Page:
Jeff Chastain:

Definitely.

Carl Lewis:

They want to keep it under control and make all the decisions because they don't want it to get too big, whether that's from a fear of eventually not knowing what they’re doing or just not wanting a bigger job.

Jeff Chastain:

If they want to be a smaller boutique firm, more power to them. There's no issue with that. But if they want to grow into corporate … well, not corporate. When you use the word ‘corporate,’ entrepreneurs think ‘big box,’ rigid rules, and no fun. It's not collaborative.

Jeff Chastain:

You can grow. It's counterintuitive, but the more processes and structure you have, the more flexible you can be. Because you're not tracking down the little fires, and no one’s doing things their own way. Say, "This is how we're going to do business. This is how we'll work." And you can inject fun, flexibility, and agility by adding processes and foundation.

Carl Lewis:

Yes. During the pandemic, some companies that were doing well suddenly have four times the orders they had before – but they don't have the structure, supply chain, etc. to meet the need. Do you work with companies trying to figure out how to keep up with their growth?

Jeff Chastain:

That’s any time you have a situation like this, like in 2008 with the recession. Some companies will survive faster, better, stronger if they invest in it. So yes, we have those companies right now that are saying, "How can we get more efficient? How do we get more productive with our limited resources?" If they invest now, they can ramp up to be well-positioned when we come out the other side.

Jeff Chastain:

The situation doesn’t matter if they're asking, "How can we be more productive?"

Carl Lewis:

It could be a learning experience, so they’re prepared next time.

Jeff Chastain:

Exactly.

Carl Lewis:

How do they implement things that can scale without making their employees work double shifts? Do you have an example of a company that benefited from the EOS implementation and training?

Jeff Chastain:

One of the ones I'm working with now. It’s a small staffing agency. They had a stereotypical mindset: “We know we want to grow, but we're working 12, 13, 14 hours a day to keep the wheels rolling. We want to expand, but we don't know how." And they want to do something different technology-wise.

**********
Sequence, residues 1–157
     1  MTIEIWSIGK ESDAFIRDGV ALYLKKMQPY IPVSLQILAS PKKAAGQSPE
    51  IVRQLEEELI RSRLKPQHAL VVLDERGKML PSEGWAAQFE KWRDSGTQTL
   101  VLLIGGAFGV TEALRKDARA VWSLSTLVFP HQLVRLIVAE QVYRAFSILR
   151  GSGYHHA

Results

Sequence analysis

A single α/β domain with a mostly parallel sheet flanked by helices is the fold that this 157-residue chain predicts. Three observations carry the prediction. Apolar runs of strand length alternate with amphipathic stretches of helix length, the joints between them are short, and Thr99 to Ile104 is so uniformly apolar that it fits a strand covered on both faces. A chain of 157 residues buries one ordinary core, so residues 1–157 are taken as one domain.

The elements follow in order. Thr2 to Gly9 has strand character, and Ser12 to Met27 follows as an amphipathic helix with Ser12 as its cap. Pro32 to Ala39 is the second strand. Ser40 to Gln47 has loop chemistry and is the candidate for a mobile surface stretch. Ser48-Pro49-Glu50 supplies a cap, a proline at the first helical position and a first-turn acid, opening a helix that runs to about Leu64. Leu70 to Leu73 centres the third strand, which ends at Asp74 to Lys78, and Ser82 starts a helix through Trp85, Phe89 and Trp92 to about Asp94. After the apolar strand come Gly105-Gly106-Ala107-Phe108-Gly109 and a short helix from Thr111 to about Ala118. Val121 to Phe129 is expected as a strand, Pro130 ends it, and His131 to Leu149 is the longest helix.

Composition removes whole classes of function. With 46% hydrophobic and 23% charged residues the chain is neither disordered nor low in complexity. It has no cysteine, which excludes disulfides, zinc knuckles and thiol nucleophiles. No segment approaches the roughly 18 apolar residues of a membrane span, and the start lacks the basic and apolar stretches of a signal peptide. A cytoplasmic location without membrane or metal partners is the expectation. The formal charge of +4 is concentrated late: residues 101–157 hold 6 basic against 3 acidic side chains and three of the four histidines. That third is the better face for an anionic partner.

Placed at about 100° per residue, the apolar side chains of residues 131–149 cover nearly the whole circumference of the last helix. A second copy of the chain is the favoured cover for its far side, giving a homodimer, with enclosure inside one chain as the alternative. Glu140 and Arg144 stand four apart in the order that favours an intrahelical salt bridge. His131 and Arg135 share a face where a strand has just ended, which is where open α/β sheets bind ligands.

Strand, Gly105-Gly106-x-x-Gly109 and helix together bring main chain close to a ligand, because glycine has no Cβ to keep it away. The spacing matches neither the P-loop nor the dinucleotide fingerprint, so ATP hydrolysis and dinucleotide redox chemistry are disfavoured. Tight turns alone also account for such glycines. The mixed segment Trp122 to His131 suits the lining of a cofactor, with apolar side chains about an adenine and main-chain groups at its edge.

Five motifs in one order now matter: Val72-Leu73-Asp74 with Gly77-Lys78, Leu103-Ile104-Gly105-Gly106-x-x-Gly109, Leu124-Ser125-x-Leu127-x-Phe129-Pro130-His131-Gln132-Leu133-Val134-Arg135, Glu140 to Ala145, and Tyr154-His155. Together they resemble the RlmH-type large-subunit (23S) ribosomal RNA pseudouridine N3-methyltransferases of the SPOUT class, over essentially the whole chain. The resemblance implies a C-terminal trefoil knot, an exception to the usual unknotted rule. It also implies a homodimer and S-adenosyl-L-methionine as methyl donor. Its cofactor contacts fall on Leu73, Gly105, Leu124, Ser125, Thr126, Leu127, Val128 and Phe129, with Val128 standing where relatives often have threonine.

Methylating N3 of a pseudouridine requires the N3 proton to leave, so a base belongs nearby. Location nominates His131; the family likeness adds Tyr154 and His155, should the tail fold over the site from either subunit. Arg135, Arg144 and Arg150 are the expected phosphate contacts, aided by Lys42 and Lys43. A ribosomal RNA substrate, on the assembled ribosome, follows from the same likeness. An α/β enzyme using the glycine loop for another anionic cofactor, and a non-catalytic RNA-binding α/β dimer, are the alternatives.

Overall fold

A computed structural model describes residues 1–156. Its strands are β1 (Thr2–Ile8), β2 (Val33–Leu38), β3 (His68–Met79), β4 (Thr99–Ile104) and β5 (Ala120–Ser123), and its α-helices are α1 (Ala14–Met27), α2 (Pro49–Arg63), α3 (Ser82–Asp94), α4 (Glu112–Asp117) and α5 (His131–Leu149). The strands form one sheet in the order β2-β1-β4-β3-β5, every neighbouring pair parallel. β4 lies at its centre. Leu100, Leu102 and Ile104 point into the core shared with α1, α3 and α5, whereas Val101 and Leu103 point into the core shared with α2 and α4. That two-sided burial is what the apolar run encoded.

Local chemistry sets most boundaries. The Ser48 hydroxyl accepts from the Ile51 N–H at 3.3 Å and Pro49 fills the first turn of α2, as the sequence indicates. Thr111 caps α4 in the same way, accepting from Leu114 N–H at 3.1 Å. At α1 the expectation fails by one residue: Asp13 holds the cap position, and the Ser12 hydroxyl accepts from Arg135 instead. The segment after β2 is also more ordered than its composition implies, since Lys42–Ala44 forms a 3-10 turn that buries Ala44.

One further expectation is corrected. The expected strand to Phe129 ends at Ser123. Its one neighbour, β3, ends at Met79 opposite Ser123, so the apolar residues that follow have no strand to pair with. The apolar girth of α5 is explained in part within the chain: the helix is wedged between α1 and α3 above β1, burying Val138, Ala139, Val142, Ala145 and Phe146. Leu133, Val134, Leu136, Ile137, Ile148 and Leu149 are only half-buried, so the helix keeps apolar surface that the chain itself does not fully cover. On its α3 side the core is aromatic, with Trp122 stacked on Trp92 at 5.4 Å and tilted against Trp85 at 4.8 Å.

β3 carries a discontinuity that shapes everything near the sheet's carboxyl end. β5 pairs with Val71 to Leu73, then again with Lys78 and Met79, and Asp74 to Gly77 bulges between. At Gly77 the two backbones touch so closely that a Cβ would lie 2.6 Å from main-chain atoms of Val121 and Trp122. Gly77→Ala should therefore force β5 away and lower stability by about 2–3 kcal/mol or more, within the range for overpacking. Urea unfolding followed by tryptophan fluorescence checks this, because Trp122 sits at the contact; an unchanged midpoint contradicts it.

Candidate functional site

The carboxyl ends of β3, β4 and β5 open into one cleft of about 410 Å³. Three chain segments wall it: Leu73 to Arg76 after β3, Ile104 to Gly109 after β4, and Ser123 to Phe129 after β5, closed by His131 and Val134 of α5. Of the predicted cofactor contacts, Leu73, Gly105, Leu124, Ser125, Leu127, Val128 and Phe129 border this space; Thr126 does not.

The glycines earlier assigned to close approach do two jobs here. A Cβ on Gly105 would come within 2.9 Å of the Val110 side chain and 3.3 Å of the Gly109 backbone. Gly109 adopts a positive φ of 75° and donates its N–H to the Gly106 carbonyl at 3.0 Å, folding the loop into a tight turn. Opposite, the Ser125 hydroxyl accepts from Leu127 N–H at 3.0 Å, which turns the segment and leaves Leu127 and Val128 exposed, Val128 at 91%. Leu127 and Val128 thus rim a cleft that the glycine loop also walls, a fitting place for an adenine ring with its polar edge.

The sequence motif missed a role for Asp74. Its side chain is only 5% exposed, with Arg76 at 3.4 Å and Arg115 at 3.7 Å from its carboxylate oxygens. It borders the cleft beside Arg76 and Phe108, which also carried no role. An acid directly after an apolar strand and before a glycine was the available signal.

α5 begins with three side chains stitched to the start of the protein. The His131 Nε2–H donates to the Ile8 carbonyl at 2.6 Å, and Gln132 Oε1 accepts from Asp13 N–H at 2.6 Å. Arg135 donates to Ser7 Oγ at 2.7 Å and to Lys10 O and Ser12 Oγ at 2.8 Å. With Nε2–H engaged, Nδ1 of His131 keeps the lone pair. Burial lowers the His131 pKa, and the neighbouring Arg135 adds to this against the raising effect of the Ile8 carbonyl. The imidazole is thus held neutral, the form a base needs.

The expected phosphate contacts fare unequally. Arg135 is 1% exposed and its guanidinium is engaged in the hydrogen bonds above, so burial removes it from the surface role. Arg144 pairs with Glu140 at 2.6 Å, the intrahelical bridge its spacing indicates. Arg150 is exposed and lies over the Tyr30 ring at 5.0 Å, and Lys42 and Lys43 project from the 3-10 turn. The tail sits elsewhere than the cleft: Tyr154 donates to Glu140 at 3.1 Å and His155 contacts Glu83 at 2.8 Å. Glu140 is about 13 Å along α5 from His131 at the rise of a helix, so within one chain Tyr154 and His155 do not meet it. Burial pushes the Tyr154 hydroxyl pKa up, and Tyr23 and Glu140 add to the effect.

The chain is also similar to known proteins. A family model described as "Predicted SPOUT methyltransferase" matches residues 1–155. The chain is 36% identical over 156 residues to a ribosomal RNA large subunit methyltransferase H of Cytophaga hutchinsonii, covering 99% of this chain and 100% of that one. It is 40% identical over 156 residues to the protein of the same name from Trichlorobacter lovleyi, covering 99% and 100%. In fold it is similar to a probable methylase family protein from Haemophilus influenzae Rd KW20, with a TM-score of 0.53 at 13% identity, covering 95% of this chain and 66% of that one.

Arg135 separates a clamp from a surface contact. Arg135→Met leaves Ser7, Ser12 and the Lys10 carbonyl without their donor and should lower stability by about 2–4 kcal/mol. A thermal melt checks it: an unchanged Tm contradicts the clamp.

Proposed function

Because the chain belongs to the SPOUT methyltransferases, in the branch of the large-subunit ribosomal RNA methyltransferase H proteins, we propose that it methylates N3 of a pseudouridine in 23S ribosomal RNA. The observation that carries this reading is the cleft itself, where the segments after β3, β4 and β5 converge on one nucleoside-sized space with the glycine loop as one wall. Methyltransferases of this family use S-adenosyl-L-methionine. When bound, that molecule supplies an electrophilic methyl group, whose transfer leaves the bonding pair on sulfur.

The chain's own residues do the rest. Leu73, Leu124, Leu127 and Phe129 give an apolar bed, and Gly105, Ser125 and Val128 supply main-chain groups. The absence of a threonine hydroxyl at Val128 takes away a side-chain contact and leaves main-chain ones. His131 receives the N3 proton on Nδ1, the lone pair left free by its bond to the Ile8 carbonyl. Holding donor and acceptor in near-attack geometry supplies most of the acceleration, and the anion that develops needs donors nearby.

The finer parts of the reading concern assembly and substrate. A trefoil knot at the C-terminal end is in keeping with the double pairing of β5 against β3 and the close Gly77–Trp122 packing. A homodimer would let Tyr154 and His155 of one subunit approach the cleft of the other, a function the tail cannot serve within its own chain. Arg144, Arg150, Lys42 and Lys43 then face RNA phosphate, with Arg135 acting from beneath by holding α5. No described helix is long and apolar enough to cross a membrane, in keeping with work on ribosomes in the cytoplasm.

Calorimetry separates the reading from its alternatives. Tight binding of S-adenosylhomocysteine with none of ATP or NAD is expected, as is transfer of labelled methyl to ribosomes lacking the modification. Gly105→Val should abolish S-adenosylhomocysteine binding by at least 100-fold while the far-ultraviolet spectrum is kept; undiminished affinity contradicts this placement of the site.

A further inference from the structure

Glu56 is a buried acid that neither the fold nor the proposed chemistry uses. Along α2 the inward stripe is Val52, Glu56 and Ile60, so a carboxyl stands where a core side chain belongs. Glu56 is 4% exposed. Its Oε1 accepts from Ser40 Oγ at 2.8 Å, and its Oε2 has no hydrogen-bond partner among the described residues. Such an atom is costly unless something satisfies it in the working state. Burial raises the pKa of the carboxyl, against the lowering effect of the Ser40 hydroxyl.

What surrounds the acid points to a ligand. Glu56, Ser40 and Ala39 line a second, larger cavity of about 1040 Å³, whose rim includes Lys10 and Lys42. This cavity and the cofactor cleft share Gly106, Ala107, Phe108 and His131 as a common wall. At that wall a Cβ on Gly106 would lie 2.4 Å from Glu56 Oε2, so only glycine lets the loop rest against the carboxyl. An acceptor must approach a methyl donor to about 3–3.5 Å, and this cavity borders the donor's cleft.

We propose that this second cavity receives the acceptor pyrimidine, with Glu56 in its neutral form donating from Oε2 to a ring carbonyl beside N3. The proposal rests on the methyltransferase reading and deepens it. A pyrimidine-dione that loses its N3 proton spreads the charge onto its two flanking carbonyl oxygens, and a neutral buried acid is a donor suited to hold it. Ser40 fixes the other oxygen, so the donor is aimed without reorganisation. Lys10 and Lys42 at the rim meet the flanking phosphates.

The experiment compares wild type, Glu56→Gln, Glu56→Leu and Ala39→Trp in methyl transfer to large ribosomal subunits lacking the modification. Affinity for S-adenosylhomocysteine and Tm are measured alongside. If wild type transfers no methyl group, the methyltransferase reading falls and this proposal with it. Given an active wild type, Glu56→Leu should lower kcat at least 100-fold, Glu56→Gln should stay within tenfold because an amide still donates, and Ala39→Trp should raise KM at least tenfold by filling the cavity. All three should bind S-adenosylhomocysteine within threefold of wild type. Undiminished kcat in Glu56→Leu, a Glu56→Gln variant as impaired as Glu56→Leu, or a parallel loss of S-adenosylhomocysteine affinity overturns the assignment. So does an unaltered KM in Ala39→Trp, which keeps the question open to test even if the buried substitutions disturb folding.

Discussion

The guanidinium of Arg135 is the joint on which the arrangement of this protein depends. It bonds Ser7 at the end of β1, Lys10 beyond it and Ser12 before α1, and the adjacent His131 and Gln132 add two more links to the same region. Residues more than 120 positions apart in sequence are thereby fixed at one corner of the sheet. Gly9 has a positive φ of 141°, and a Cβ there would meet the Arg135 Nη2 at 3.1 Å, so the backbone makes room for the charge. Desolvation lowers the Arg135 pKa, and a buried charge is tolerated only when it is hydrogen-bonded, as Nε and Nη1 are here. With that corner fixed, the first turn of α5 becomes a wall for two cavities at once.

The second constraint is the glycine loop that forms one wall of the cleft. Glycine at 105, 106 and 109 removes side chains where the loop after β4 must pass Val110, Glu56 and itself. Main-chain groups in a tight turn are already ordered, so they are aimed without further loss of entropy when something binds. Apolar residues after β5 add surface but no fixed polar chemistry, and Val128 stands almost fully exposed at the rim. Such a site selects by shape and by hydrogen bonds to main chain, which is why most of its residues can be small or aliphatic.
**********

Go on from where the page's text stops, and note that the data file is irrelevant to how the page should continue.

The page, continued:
Jeff Chastain:

I said, "You don't know what your structure needs to be. You're worried about hiring people because you don't know they’ll do. It’s because you don't have a defined process. You’ve been flying by the seat of your pants. It’s critical to solve that issue first because hiring right now would be a waste of resources. New employees would flounder and then quit because they don’t want to be involved in a mess.”

Carl Lewis:

I remember starting an implementation project and asking the owner who the members of his leadership team were. He had to think about it!

Jeff Chastain:

That should be a quick answer.

Carl Lewis:

I knew we were in a little trouble. Jeff, how has the current situation affected your communication requirements? You have to be in touch with clients and coworkers. Have you had to change the things you normally use? What do you use instead?

Jeff Chastain:

It's been a dramatic change. As a coach, I normally sit in a room with the company leadership team. We walk them through the EOS journey and implementation process. I'm used to whiteboards on the walls, drawing out plans and accountability charts, etc. That's not happening now, and I'm not sure when it will happen again. It's been a complete shift to take that process online with virtual conferencing software and similar technology.

Jeff Chastain:

I've tried several things I don't understand the value of. Like PowerPoint webinars. Staring at a PowerPoint all day doesn't interest anyone. So, we’ve been playing with new tools/technologies, multiple camera setups, etc. I have a 75-inch touchscreen panel I can use to stream, and we use it like a whiteboard.

Jeff Chastain:

It's about leveraging technology. If we'd gone through this four or five years ago, I don't know how we would have done it. But we can get numerous benefits from these technologies, even if it’s not the same as being face to face.

Carl Lewis:

That sounds clever. I’ve taught classes, and I think, "How would I do that virtually?" I'm used to walking around to see what students are doing.

Jeff Chastain:

Oh yeah.

Carl Lewis:

I think, “What technology will let me do that without getting offline with everybody and online with just one person? How many laptops do I need to work with 12 students?” It’s a challenge.

Jeff Chastain:

I'm on a smaller scale, but I’ve been watching them move school online. There are a lot of resources, new technologies, and new companies pushing stuff that makes it easier. But it's been a learning curve. We've all sat through the webinar that drones on for an hour while staring at somebody's PowerPoint. That's boring. Especially since students are used to games with live action flying around. They're not going stare at a PowerPoint. How do you keep them engaged?

Carl Lewis:

My grandson can pause his game and go back 15 minutes later to pick up where he left off.

Jeff Chastain:

Definitely.

Carl Lewis:

But that doesn't work with humans.

Jeff Chastain:

No.

Carl Lewis:

I try to keep these to 20 or 30 minutes, so Jeff, I appreciate you being here. I enjoyed talking about the people who use technology and their challenges to build a good organization.

Jeff Chastain:

I appreciate it.

Carl Lewis:

Thank you, Jeff, and thank you to everyone else. And until next time, stay connected.